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Bringing Emerson’s dictum to your life

Bringing Emerson’s dictum to your life

What can I say about Weldon Long that hasn’t already been said by Candace Roulo? That said, I’m turning into a big Weldon Long fan and I hope that many contractors will too. I saw Weldon keynote the recent Quality Service Contractors Power Meeting in Scottsdale. His talk centered on his book (that I read in one sitting) The Power of Consistency and its theme of the Prosperity Mindset.

It’s a book-length treatise that proves the veracity of Ralph Waldo Emerson’s quote, “We become what we think about all day long.”

It was the 18th century English writer Samuel Johnson who said that, “Nothing concentrates the mind like the knowledge that one will be hanged in the morning.” One hears something similar from former addicts when they talk about hitting bottom. They experience a singular event that changes their thinking and, consequently, their actions and the dramatic improvement in their lives. They become consumed with an idea. Kenny Chapman talks about being in the Army and his sergeant telling him that his father had been killed. Chapman had the money to either go home to his mother or to his father’s funeral but not both. It was at that moment, Kenny has said, that he became a millionaire. He vowed to never let money stand in the way of anything that important again. Ed O’Connell sobered up and became obsessed with getting off the streets, becoming a plumber and turning his life around. Ed didn’t start his business until he was 40 and his own mother thought he would fail.

Weldon approached life with a ski mask and a gun. His turning point occurred during his third stint in prison in 1996 when he was told his father had died. Long realized that his father died believing that his son was a criminal and a loser. He began his transformation by reading motivational authors such as Dr. Steven R. Covey and Tony Robbins. He wrote down his goals and pasted them to the wall of his cell with toothpaste.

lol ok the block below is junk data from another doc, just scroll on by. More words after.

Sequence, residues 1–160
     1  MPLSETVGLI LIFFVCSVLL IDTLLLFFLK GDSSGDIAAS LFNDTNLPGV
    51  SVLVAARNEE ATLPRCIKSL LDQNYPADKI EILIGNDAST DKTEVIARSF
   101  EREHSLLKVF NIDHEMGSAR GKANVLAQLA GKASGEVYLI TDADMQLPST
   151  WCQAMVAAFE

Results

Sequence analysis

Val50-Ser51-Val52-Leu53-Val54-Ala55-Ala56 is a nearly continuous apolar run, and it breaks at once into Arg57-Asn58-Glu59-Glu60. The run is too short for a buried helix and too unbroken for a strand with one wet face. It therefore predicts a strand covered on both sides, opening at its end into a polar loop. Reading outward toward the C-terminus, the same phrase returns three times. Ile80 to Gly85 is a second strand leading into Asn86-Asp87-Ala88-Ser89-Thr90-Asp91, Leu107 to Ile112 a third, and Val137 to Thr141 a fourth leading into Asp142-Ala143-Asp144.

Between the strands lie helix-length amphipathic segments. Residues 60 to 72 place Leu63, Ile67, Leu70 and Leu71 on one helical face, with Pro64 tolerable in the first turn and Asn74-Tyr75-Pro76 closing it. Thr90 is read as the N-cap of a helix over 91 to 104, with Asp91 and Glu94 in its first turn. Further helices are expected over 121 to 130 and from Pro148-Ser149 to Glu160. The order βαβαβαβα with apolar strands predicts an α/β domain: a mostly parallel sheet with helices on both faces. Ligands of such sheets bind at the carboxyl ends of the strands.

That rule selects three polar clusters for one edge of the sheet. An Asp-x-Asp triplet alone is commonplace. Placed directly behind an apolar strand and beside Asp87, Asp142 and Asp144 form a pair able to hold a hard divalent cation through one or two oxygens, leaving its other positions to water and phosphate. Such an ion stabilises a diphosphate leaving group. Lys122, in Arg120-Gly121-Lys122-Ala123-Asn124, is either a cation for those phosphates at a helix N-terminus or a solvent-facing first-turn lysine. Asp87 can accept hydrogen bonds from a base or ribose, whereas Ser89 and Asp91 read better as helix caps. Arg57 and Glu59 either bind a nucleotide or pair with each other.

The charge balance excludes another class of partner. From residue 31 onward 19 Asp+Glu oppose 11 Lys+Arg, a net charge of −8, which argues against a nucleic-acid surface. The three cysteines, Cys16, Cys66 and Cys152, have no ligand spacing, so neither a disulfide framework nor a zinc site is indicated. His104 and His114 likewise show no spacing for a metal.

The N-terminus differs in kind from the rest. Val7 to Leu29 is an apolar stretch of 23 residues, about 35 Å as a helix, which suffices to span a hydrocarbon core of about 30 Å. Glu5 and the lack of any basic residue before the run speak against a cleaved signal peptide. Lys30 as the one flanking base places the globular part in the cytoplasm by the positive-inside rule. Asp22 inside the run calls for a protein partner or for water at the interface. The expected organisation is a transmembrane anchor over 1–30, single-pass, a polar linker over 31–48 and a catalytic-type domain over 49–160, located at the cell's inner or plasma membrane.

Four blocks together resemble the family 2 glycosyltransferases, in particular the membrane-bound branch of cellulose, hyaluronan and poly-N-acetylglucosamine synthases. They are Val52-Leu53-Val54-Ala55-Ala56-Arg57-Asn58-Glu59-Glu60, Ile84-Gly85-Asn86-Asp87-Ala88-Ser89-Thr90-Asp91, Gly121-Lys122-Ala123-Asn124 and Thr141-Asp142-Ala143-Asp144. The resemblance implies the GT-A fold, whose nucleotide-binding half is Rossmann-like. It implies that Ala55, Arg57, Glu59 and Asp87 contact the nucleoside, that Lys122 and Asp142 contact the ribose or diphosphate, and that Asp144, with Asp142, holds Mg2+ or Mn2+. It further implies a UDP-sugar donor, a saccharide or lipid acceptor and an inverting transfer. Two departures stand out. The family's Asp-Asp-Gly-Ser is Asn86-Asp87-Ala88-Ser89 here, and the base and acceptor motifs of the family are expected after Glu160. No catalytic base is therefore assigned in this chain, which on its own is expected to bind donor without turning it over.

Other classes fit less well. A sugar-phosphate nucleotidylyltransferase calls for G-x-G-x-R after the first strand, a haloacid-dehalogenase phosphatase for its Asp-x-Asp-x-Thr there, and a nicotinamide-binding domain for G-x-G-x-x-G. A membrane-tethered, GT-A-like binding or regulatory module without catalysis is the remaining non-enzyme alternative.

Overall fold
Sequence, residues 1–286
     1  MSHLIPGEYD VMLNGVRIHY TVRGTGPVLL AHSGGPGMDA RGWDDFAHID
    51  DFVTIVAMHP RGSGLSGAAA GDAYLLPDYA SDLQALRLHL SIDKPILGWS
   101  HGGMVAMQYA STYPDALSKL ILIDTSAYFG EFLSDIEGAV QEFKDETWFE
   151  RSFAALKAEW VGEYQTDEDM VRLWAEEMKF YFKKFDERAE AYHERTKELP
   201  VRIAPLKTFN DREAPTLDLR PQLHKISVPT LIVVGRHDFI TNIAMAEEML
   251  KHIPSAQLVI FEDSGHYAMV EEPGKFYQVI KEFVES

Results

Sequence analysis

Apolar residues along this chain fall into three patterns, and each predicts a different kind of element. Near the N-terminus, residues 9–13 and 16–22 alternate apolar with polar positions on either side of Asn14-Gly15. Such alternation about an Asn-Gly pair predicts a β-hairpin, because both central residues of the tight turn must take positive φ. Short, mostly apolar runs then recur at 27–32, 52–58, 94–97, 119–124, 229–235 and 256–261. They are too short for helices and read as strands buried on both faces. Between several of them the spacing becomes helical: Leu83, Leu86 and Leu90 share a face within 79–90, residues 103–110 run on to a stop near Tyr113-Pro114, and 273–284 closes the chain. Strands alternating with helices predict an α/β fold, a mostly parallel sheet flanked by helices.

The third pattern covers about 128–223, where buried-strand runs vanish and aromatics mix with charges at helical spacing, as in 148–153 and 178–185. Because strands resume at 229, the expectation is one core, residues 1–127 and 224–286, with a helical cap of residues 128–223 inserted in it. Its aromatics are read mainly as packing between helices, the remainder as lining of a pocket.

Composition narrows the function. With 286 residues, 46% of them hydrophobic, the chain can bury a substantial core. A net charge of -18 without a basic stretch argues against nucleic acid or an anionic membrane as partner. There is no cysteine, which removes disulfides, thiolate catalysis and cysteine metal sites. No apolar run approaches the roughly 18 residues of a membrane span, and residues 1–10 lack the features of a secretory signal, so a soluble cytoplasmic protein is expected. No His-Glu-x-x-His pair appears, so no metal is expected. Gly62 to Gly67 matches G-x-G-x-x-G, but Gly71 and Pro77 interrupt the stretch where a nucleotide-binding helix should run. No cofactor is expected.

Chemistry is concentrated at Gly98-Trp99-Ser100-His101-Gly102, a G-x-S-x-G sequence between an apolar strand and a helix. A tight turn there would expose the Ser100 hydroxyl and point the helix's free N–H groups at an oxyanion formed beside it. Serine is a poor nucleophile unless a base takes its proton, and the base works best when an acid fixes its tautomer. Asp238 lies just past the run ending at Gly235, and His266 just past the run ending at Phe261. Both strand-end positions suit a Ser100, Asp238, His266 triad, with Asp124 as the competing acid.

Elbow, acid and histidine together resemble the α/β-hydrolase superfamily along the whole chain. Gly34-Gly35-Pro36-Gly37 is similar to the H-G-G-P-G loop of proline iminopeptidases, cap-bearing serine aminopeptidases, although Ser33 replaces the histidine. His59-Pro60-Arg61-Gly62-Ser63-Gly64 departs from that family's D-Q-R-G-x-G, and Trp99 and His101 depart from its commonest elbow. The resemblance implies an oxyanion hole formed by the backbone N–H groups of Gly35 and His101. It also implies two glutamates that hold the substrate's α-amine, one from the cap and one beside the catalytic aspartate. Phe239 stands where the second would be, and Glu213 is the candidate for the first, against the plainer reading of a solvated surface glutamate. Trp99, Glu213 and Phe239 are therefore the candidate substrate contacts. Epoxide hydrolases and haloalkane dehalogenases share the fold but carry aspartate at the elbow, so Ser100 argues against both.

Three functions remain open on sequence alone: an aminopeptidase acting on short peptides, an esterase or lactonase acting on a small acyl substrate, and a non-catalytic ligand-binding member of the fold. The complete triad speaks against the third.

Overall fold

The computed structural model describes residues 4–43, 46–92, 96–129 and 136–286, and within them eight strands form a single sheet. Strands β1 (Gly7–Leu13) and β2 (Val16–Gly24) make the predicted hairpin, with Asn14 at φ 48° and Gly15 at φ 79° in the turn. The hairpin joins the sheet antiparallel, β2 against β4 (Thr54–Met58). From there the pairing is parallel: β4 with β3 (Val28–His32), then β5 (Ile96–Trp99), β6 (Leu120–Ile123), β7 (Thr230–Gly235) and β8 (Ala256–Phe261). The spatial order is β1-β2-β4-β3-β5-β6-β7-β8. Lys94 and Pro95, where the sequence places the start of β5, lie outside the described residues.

The Power of Consistency explains that you don’t have to have some Come To Jesus hitting-bottom-moment in order to be successful. Ordinary folks can do it without all of the trauma.

The key comes back to Emerson’s dictum: We become what we think about all day long. Weldon wrote down his goals in the present tense. Just like Kenny Chapman becoming a millionaire in his mind before he became one in reality, Weldon wrote down things like, “I am wealthy beyond my wildest dreams.” He would become a devoted father to the son he had fathered one time when he was out on parole.

We become what we think. Our thoughts create emotions. Those emotions move us into action and those actions create results. So what kind of results do you want to have? It starts with your thoughts. You have to fill your head with the right thoughts. That might involve dumping a whole lot of thoughts that you and other people put in your head. Perhaps one of the more successful dumpers of bad thoughts that I know is our columnist Dave Yates. Dave is dyslexic and he was told growing up, often by teachers, that he would never amount to anything. Dave was able to discard all that and become wildly successful.

You can fill your head with the right thoughts that will produce the right results by writing down what you want to achieve in present tense. Be as specific as you want. Be as extravagant as you want. Then you have to get those thoughts permanently lodged in your brain. Weldon’s technique is to have a Quiet Time ritual. “Private affirmations dictate future actions,” Weldon writes in his book. Your 15 minutes of daily quiet time is when you make those affirmations. You fill your head with the right thoughts, those thoughts then trigger your emotions as you visualize the success that you’re going to experience, and those emotions will propel you into action. It takes time to ingrain a habit. You have to have your 15 minutes for private affirmations for 25 to 30 days without interruption before those right thoughts become part of who you are.

Connect with me on Twitter @bobmader

TAGS: Management
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